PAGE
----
As Israel’s rejection of the Palestinian compromise leaves us with a one-state reality between the river and the sea, the question we confront today is: what kind of one-state should this be? Should it be one where everyone is treated equally or not?

In the one-state reality that exists today, the Israeli government is the primary authority in charge. Jewish citizens of Israel live in a liberal democracy, while Palestinians are divided into many groups: citizens of Israel with partial rights, occupied people in the West Bank and Jerusalem with hardly any rights, and prisoners in Gaza with no rights. Put more bluntly, Palestinians live under Israeli apartheid.

Israeli prime minister Benjamin Netanyahu, who opposes Palestinian independence or statehood, is further entrenching this one-state apartheid. What people like Marc Lamont Hill object to isn’t the one-state reality that Israel imposed on the land, but the discriminatory nature of that state.

It is true, of course, that a single state with equal rights for all would no longer be a Jewish state. But this is no more a destruction of Israel, as some claim, than the end of Jim Crow segregation in the United States was the destruction of America. We’re not talking about destruction, but simply a transformation of the kind of state we have — and that’s precisely what Hill’s comments referred to.

To oppose Hill’s vision of freedom and equality without simultaneously opposing Israel’s occupation of the Palestinian territories is effectively an endorsement of apartheid. And what is disturbing is that we live in a political moment where endorsing that apartheid is considered normal in our public discourse, while promoting full equality is considered a taboo deserving of panic, shunning and even firing.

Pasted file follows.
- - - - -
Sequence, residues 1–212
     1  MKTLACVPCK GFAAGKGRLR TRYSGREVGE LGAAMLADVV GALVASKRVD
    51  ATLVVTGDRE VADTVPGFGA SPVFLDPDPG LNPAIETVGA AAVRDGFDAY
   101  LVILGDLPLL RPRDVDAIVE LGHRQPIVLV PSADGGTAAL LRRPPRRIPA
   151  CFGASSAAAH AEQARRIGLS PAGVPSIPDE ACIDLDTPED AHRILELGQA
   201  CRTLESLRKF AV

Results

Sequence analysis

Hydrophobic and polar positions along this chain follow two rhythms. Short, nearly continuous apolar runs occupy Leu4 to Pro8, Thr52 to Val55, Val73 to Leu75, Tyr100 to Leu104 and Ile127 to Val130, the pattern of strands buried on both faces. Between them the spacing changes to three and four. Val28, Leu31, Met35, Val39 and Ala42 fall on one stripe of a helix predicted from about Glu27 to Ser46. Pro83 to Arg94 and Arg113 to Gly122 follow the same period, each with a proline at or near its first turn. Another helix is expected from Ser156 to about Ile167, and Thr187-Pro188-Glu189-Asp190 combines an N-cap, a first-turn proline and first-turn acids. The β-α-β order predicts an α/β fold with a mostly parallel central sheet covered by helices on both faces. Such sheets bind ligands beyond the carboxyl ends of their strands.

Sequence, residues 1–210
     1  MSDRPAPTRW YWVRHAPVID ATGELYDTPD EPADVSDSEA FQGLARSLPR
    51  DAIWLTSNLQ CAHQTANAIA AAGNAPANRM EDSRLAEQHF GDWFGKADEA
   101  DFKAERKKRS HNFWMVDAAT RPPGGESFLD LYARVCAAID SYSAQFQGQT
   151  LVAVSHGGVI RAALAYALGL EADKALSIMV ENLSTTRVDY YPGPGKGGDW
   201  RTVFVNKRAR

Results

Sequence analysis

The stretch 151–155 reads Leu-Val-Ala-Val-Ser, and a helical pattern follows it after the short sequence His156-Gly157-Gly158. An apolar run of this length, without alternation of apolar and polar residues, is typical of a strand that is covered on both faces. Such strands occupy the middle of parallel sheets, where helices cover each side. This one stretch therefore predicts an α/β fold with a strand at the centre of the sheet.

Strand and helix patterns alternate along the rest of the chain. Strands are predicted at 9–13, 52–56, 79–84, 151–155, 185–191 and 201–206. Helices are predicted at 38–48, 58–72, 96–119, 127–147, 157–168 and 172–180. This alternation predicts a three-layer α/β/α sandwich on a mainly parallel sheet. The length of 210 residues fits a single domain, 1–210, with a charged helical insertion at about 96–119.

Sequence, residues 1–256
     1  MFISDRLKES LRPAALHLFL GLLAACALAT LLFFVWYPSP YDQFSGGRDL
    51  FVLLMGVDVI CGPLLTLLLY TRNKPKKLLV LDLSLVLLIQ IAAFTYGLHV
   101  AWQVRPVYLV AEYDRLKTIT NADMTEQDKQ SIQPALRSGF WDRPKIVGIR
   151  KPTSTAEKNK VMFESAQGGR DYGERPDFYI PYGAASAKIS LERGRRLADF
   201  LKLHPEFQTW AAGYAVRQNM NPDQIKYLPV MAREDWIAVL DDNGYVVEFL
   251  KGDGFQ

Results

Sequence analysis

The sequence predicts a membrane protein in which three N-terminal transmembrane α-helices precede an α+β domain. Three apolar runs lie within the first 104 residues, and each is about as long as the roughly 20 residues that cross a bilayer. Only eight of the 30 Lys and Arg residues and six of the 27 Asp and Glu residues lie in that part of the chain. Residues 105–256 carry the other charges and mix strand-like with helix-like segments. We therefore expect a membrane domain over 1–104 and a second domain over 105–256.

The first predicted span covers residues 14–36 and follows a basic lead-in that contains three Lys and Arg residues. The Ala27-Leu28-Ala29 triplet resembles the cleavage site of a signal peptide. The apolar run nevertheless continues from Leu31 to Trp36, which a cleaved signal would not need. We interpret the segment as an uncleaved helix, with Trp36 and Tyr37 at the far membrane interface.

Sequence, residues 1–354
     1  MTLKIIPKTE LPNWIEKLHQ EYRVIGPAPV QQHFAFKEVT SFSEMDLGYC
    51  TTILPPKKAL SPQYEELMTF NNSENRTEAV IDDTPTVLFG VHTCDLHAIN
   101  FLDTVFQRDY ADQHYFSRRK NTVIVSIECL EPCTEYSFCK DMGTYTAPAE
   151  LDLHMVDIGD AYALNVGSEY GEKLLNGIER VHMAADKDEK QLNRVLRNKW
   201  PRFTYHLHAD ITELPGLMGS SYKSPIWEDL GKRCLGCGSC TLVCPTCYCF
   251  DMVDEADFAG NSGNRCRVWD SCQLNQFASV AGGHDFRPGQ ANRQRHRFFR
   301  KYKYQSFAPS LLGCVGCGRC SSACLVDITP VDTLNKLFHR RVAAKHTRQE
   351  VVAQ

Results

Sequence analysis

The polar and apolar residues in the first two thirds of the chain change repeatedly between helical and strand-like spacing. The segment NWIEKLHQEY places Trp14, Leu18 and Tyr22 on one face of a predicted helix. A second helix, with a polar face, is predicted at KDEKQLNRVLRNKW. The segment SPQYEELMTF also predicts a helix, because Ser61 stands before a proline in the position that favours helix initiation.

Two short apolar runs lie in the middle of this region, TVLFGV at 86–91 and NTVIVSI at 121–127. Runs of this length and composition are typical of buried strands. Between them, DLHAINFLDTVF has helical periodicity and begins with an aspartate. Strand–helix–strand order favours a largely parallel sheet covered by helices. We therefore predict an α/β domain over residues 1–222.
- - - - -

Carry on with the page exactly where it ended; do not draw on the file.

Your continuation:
The damage wasn’t just done to Hill’s reputation and career — it goes far beyond that. CNN’s decision to fire Hill chills freedom of thought. It contributes to an already suffocating environment in which commentators avoid speaking honestly about Israel’s abuse of Palestinians because it is so frequently punished in a variety of ways. Suppression of advocacy for Palestinian rights in the United States goes back decades, and the current iteration of this suppression campaign isn’t just about career consequences — there are efforts underway to formalize punishments for Palestine advocacy.

While boycotts are protected political expression under the First Amendment, Congress is considering a bill to criminalize boycotts of Israel in America. There are also efforts to expand the definition of anti-Semitism to include criticism of Israel, a transparent attempt to chill campus activism on Palestine. Thankfully, civil rights groups, including the ACLU, are fighting back against both measures, but the battle to speak freely about the Israeli-Palestinian conflict remains potentially the biggest free speech challenge of our generation.

The United States enables Israel’s oppression of Palestinians by the endless billions of dollars it gives to Israel in military aid, and the unconditional diplomatic cover it offers at the United Nations. We in the United States have a moral responsibility to speak out against this injustice. Defenders of Israel’s oppression of Palestinians scored a point by smearing their way into getting Hill fired from CNN. But it doesn’t end here, because there is a growing movement that will defy these intimidation tactics, and will continue speaking truth to power.

Omar Baddar is the Deputy Director of the Washington-based Arab American Institute. He is a political analyst specializing in US-Middle East policy, with a particular emphasis on the Israeli-Palestinian conflict.